The following were the number of games played between USA and USSR:

In the beginning the US government saw no option other than “hitting them” and this would lead to a series of moves by each player which would lead to war.

1. Uncertain Game – USSR’s missile buildup let to the US considering their retaliatory options which were air strikes against the missiles, larger air strikes against their missiles and defenses and a full fledged invasion (including OPPLAN 316, i.e. to remove Cuba’s then dictator Fidel Castro).
In the beginning the US government saw no option other than “hitting them” and this would lead to a series of moves by each player which would lead to war.

As Kenneth O’Donald (hereafter known as Kenny) pointed out “If we hit ‘em, kill a lot of Russians, they move against Berlin. If they attack Berlin that’s NATO and we’re at war.”

1. Non-cooperative Game – The Soviet Government played a sneaky game during the meeting on friendly US – Soviet relations with President Kennedy (hereafter known as JFK) and Andrei Gromyko, Soviet statesman. When asked by JFK about the missiles in Cuba he said “Our military assistance to Cuba is of a defensive nature only.” When JFK repeated to confirm what his statement was (“There are no offensive weapons in Cuba”– JFK), Gromyko replied saying “Premier Kruschev’s statement of September 13th remains the position of the Soviet Government. To that I have nothing to add.” Thus he made a very abstract statement and lied to the US government about not having missiles in Cuba.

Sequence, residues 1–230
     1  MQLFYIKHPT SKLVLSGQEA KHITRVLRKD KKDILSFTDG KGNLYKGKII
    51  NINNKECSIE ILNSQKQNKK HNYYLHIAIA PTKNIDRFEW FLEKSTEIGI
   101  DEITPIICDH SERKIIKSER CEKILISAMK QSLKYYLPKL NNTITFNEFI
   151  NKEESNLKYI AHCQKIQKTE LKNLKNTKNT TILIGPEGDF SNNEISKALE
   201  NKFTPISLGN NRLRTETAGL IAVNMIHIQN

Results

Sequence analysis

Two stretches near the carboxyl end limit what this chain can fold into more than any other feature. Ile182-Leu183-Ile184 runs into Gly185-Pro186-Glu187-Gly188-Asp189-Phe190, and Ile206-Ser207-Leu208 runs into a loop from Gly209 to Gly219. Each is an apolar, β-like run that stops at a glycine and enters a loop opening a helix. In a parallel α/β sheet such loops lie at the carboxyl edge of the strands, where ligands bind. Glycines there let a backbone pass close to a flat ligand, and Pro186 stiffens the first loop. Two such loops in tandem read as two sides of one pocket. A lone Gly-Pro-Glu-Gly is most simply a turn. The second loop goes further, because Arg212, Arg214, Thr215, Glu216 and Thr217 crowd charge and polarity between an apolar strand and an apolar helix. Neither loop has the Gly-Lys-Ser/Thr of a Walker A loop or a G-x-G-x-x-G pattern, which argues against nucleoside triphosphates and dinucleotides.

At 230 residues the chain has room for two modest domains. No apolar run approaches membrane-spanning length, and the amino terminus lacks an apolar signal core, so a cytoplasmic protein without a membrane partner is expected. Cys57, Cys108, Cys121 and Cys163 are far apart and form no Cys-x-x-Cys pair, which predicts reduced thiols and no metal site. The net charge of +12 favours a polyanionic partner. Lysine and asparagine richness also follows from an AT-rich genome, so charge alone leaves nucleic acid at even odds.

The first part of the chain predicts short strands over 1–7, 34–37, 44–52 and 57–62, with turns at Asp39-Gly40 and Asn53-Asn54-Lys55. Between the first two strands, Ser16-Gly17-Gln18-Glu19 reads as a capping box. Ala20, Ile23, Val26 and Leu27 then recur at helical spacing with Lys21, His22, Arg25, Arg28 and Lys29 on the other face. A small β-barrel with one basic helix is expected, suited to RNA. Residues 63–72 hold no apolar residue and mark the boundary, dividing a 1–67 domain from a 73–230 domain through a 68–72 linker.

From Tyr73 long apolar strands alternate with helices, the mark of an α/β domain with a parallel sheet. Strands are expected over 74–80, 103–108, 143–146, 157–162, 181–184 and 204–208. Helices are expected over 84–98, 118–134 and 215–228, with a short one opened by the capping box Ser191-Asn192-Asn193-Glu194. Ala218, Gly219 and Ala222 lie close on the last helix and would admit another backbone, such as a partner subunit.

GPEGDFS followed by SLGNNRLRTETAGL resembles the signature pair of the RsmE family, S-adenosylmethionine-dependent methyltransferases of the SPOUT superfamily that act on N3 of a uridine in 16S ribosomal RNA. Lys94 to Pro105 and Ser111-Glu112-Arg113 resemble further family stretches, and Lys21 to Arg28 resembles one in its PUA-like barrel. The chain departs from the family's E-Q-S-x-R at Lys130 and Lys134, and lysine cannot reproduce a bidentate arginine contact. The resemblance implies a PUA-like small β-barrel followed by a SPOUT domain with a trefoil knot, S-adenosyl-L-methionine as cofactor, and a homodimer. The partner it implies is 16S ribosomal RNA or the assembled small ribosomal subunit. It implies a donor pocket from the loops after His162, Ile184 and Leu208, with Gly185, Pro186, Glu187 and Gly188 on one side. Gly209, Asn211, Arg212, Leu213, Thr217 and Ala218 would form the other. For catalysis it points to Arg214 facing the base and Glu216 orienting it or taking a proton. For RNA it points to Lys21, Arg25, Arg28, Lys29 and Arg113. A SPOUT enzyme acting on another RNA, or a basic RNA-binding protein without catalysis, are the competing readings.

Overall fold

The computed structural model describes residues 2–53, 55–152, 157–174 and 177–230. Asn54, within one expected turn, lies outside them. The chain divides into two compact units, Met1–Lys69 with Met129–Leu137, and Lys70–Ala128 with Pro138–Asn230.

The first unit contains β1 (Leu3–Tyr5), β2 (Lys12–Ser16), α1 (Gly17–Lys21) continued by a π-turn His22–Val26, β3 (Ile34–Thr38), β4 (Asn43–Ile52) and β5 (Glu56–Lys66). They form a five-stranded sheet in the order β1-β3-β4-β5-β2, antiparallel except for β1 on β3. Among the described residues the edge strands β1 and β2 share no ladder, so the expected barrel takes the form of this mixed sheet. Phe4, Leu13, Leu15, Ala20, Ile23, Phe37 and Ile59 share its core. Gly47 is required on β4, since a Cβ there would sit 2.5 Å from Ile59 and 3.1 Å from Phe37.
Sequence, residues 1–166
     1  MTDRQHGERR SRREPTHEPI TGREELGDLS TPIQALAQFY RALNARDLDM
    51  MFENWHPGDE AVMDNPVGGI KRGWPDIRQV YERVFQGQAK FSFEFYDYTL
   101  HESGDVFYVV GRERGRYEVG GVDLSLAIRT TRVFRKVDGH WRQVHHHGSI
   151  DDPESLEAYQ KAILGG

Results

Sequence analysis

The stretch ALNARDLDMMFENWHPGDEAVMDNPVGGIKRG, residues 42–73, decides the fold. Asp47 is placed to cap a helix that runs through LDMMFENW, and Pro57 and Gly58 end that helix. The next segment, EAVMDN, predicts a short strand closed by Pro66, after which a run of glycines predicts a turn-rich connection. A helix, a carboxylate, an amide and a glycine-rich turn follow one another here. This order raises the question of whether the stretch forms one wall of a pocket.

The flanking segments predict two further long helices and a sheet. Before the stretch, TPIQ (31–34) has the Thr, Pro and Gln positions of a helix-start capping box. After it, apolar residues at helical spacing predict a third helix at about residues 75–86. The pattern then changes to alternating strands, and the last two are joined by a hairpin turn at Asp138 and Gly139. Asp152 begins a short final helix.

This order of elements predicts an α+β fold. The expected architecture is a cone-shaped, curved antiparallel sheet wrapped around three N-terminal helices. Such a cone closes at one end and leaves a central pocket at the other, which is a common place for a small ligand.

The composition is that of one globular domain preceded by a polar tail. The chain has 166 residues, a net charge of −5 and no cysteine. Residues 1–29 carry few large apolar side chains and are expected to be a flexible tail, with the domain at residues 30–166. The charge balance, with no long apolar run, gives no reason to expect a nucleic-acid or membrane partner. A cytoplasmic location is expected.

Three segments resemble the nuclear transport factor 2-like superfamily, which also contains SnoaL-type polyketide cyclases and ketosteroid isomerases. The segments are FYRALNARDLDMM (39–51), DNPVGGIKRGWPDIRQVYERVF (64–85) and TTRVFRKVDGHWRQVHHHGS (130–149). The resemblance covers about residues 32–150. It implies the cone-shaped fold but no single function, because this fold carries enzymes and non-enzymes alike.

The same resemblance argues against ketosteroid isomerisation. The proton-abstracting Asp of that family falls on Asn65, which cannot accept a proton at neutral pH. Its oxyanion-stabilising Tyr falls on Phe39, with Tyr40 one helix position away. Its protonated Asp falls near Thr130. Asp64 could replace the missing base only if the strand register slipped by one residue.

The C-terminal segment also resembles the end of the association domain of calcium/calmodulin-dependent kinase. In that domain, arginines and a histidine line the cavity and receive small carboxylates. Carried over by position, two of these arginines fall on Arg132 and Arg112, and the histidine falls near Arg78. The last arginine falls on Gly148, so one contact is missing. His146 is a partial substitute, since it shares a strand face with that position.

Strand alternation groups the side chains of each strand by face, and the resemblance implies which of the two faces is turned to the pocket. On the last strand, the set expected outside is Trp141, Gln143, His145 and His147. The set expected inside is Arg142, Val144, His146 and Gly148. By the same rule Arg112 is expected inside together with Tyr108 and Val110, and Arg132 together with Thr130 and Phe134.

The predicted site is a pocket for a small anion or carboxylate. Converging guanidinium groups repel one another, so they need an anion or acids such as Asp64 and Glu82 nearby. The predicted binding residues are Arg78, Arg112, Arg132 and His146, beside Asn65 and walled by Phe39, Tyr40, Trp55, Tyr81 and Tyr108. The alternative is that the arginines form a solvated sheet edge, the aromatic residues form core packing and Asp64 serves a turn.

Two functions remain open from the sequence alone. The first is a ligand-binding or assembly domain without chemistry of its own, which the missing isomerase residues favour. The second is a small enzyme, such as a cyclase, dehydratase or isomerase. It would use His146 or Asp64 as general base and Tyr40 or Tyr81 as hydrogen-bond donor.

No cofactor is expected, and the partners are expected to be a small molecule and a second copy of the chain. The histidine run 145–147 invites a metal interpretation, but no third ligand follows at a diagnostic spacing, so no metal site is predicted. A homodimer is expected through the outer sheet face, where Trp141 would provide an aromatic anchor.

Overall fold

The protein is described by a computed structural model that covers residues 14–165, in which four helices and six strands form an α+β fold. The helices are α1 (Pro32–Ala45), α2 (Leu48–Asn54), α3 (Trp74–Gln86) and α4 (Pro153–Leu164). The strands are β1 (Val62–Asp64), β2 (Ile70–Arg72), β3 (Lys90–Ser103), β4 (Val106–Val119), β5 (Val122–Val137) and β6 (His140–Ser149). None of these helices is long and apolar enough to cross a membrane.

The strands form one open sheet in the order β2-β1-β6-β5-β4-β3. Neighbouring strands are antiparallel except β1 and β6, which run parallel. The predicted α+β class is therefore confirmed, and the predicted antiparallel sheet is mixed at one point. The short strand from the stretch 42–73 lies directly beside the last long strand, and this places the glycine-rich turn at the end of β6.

1. Tit-for-tat Game – When President Kennedy contemplates the air strikes he brings out an important game that would have been played between the two blocs If they had gone ahead with the air strikes:

“Say one of those ships resists inspection, and we shoot out its rudder, and board… they shoot down one of our planes, in response. So we bomb their anti-aircraft sites, and in response to that… they attack Berlin. So we invade Cuba. [pause] So they fire their missiles… and we fire ours.”

1. Chicken Game – During the quarantine along the coast of Cuba, one of the most important games of the crisis was seen. When there was no sign of the ships stopping and the Russian submarine was underway, the navy was all set to fire up the torpedoes and launch ‘Azrac’ to force it to come up. Suddenly the two ships showed signs of slowing down, stopped and started turning around. Secretary of State Dean Rusk’s words expressed the game in its true sense when he said “We were eyeball to eyeball and I think the other fella just blinked.”

cold-war-quotes2. Cooperative Game – Another game between the two blocs can be seen when Secretary Kruschev is suspected to have sent a message through his informant Alexander Formin. This is the first time were both countries appear to be reaching a consensus. USSR would remove the missiles so long as USA pledges not to invade Cuba or assist anyone in doing so.

3. Cooperative Game – The final game between the two blocs was played when they reached a mutual consensus. USSR would remove the missiles so long as USA pledges not to invade Cuba or assist anyone in doing so. A covert addition to the condition was that USA would remove their Jupiter missiles from Turkey within the next 6 months but this news was not to be made public.
Thus a series of games were played between the two blocs that eventually led to the US government resorting to diplomacy for their solution.